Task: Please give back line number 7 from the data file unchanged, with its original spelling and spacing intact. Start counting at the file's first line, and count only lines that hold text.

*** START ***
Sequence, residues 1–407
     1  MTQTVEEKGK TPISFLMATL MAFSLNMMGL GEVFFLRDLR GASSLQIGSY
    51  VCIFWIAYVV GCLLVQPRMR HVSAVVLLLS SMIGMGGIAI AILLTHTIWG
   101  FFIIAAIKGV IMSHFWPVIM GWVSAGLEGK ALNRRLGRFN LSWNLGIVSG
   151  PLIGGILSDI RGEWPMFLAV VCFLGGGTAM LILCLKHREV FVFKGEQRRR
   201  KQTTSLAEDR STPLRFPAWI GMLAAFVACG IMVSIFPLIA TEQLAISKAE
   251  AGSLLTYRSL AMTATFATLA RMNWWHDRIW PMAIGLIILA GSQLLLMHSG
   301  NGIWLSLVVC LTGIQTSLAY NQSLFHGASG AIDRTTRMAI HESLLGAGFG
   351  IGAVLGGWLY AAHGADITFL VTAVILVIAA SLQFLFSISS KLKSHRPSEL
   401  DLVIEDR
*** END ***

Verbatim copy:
   251  AGSLLTYRSL AMTATFATLA RMNWWHDRIW PMAIGLIILA GSQLLLMHSG